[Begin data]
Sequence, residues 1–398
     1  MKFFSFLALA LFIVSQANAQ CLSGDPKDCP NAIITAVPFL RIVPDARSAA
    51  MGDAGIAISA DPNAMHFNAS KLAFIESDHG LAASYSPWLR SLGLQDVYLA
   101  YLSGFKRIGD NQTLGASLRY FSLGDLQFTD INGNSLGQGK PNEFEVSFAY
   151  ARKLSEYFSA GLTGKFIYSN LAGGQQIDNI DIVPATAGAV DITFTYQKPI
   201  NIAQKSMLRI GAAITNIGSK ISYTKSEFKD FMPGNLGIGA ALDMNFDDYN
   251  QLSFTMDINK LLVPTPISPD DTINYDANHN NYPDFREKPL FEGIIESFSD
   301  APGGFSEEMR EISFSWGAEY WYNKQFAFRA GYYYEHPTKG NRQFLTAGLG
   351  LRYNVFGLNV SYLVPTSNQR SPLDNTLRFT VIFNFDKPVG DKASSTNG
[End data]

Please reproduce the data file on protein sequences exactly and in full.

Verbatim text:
Sequence, residues 1–398
     1  MKFFSFLALA LFIVSQANAQ CLSGDPKDCP NAIITAVPFL RIVPDARSAA
    51  MGDAGIAISA DPNAMHFNAS KLAFIESDHG LAASYSPWLR SLGLQDVYLA
   101  YLSGFKRIGD NQTLGASLRY FSLGDLQFTD INGNSLGQGK PNEFEVSFAY
   151  ARKLSEYFSA GLTGKFIYSN LAGGQQIDNI DIVPATAGAV DITFTYQKPI
   201  NIAQKSMLRI GAAITNIGSK ISYTKSEFKD FMPGNLGIGA ALDMNFDDYN
   251  QLSFTMDINK LLVPTPISPD DTINYDANHN NYPDFREKPL FEGIIESFSD
   301  APGGFSEEMR EISFSWGAEY WYNKQFAFRA GYYYEHPTKG NRQFLTAGLG
   351  LRYNVFGLNV SYLVPTSNQR SPLDNTLRFT VIFNFDKPVG DKASSTNG